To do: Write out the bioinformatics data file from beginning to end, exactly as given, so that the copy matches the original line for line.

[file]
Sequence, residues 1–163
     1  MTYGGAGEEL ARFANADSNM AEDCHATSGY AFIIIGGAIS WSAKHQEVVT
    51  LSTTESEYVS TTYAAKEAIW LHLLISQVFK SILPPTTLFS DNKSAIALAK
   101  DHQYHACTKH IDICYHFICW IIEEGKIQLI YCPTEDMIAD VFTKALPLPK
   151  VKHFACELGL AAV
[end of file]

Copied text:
Sequence, residues 1–163
     1  MTYGGAGEEL ARFANADSNM AEDCHATSGY AFIIIGGAIS WSAKHQEVVT
    51  LSTTESEYVS TTYAAKEAIW LHLLISQVFK SILPPTTLFS DNKSAIALAK
   101  DHQYHACTKH IDICYHFICW IIEEGKIQLI YCPTEDMIAD VFTKALPLPK
   151  VKHFACELGL AAV